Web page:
KOSIK: So, you unveiled this fully autonomous tractor at the Consumer Electronic Show this month. It sounds like it can do everything but make

dinner. What can't it do?

HINDMAN: It is pretty cool. It is. And I would argue that technology sort of always been on the farm, Alison. But this is just the culmination of a

long road that we've traveled, increasing automation on the farm to really help solve the labor problem and make farming more efficient.

KOSIK: When is this tractor going to be available to farmers? And how much does it cost? And is it so brand-new that it's really out of reach for most


HINDMAN: Yeah, this is really technology that gets added on to our current tractors. So, pricing wise, it's the way the current tractors are sold.

We're still working through what the right business model is for the technology and trying to understand from farmers how they want to adjust

that technology on the farm.

KOSIK: Talk more about how this kind of tractor, an autonomous tractor can help make a difference in the lives of farmers? And those who have you know

-- not just in their lives, but their businesses as well?

HINDMAN: Yeah. It's a great question. You know, I think it gives really the best gift that can be given to a farmer, that gift of time. And they can

choose to use that time however they want, right? Farmers, before autonomy would spend you know up to 16 hours a day in the cab of a tractor. And so,

if you had 16 hours a day to do something else, what would you do with it?

Many farmers will use their time to make their businesses better. They'll make better business decisions. They will be more into the data that comes

off the farms to make those decisions better. And they'll also use it to improve their quality of life, like going through a football game you know

with their children or being more participative in their community. So, I think it's that gift of time we're really giving them.

KOSIK: What about food supply and keeping crops in better shape because they're being monitored by technology?

HINDMAN: Yeah, there is no doubt that's a big part of this, right? The current world population of 8 billion headed towards 10 billion by 2050.

Farmers simply have to do more with less. And one of those things that they have to do less with, or more with less is labor. And that labor shortage

that already exists on the farm, this will give them the ability to take that time and use it to do other things on the farm like Deere because at

the end of the day, they're coming off their farm, their crop health as an example and make better decisions for their farm to produce more food with


KOSIK: So, as your company prepares to roll out these tractors. I'm curious of supply chain issues are impacting that goal. You know how the chip

shortage may be impacting this effort?

HINDMAN: Yeah, we're pretty confident, actually, with this autonomy introduction. They will be able to support that with the existing supply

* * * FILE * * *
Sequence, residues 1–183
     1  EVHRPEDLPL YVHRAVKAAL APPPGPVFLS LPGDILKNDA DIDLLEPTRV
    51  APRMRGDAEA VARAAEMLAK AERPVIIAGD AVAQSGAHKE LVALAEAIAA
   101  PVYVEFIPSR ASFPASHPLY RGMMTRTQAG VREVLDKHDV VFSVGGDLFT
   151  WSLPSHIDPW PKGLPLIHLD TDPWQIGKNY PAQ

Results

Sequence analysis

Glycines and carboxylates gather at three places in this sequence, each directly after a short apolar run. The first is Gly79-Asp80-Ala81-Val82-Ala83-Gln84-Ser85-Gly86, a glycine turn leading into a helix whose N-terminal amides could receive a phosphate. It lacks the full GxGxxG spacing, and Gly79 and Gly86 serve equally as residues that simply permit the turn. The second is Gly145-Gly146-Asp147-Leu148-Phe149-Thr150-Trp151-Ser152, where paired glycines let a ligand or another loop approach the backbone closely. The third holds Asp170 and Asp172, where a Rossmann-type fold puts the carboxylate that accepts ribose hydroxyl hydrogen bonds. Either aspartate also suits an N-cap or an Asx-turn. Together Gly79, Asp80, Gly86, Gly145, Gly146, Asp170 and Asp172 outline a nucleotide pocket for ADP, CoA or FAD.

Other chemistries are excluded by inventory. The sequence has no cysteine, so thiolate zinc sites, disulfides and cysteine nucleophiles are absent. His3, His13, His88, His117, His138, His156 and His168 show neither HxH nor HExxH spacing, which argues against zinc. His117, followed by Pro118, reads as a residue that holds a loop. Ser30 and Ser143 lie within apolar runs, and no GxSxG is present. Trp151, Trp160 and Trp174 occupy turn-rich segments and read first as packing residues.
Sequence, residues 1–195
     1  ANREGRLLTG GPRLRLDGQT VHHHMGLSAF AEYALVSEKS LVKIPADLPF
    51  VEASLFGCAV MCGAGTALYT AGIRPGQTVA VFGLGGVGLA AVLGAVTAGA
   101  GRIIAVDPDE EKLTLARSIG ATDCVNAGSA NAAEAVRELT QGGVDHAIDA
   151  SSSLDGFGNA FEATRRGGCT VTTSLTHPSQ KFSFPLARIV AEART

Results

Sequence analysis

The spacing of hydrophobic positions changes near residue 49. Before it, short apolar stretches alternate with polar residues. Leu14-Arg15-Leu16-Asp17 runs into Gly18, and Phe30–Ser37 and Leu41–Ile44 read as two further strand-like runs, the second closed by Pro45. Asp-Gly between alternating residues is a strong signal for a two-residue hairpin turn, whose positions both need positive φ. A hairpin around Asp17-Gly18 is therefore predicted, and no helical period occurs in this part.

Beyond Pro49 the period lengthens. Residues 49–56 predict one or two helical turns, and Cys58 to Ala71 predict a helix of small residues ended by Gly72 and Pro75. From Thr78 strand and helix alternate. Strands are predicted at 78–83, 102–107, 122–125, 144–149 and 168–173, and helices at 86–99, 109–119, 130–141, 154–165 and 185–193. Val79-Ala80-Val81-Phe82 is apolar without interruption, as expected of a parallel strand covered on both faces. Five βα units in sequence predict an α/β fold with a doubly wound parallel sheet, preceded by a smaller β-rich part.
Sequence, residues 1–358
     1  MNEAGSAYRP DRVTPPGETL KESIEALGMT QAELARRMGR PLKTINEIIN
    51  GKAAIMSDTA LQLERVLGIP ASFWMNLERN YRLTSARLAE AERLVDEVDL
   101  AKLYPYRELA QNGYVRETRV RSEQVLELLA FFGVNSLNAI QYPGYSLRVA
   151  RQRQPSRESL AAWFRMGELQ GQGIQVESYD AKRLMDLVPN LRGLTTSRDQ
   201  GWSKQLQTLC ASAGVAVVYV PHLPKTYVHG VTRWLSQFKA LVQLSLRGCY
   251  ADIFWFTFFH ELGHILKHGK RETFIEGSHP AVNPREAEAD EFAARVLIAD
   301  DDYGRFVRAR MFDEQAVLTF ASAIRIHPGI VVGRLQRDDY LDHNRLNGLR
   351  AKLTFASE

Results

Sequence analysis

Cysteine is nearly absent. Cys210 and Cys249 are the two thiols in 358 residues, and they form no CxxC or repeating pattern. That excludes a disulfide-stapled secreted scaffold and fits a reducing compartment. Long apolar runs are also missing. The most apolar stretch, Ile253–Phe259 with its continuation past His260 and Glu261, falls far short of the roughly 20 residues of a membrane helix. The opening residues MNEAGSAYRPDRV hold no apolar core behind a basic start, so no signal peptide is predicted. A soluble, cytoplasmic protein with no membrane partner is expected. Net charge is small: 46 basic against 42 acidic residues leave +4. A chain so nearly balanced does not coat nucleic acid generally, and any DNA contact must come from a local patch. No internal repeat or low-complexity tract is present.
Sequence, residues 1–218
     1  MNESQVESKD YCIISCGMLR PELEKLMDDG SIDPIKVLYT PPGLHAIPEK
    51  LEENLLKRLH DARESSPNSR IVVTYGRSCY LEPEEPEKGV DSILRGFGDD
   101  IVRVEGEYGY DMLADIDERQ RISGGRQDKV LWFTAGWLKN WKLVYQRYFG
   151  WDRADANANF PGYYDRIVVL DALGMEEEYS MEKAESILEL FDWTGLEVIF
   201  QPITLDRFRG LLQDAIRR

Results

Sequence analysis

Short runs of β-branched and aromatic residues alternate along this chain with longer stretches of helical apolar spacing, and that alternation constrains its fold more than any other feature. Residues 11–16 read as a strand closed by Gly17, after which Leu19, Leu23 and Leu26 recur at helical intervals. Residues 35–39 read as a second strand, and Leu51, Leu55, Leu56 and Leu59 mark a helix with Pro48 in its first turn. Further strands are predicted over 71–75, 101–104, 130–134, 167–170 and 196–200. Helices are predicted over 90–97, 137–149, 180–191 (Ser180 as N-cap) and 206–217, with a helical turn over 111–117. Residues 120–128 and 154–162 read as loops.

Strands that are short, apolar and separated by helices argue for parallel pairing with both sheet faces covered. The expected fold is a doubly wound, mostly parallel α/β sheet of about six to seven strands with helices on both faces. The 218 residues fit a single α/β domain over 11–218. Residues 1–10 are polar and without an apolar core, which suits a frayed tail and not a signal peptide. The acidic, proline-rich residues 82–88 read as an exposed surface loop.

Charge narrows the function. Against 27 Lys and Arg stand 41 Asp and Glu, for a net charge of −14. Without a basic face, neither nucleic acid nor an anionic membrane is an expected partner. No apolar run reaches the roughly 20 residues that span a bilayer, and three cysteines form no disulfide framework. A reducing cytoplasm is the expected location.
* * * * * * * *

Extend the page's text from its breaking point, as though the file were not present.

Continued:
constraints. That said, we've got a great team that battles with supply constraints every day, that works really hard to provide the equipment that

farmers need.

KOSIK: And this kind of rolls into the idea of you know sort of technology taking over what many farmers can do you know with the labor shortage. You

know, I'm talking about the strike by UAW members late last year -- in December of last year. It was the first strike against your company in 35

years. And you came to a new six-year contract with workers. But Deere also said -- in November said that you are going to have to increase prices on

large farm equipment by about 8 percent. Analysts agree saying to pay for the contract that you all signed, Deere will continue to have to raise

prices. So, I am curious, are higher wages expected to impact your profits unless you raise equipment prices?

HINDMAN: That's a good question. We're really happy that the folks are all back to work and the contract is. I think the reality is we are all

operating in an inflationary environment today. We see that everywhere. That impacts - it impacts everything that we do. It impacts the raw

material and certainly impacts our labor as well.

KOSIK: You recently penned an op-ed saying that the farm is poised to be the place where fully autonomous vehicles first break through to profoundly

impact every one of the 7.7 billion people on the planet. Talk to me about what the future of farming looks like. What agriculture looks like? Are we

going to see you know fewer farmers, more automation?

HINDMAN: I don't know, they will see fewer farmers. But I do think we'll see continuing automation. What we call this precision agriculture. It's

this idea of being able to precisely treat every plant at scale. And so, I think, you will see technology being used to do that to give every plant.

It's the best chance of producing its optimal amount of food for the plant.

KOSIK: OK. Now that you've got an autonomous tractor ready to go, I want to hear what's next.

HINDMAN: Yeah. I mean autonomy is going to continue to be on the farm. So, you can envision other things that become autonomous on the farm over time.

And this I would argue is just a small down payment on that future.


KOSIK: OK. Jahmy Hindman, chief technology officer of Deere & Company. Thanks so much for your time today.

HINDMAN: Thanks for letting me be here.

KOSIK: And after the break, let's pick up the pace. We're going to go from tractors to motorcycles and why Ducati is roaring into 2022.


KOSIK: Welcome back. Italy's Ducati is firing on all cylinders as it races into the new year. The motorcycle brand hit a record 59,000 deliveries in

2021. This despite chip shortages and other supply chain challenges. And Ducati has no plans to slow down. This year, it will launch nine new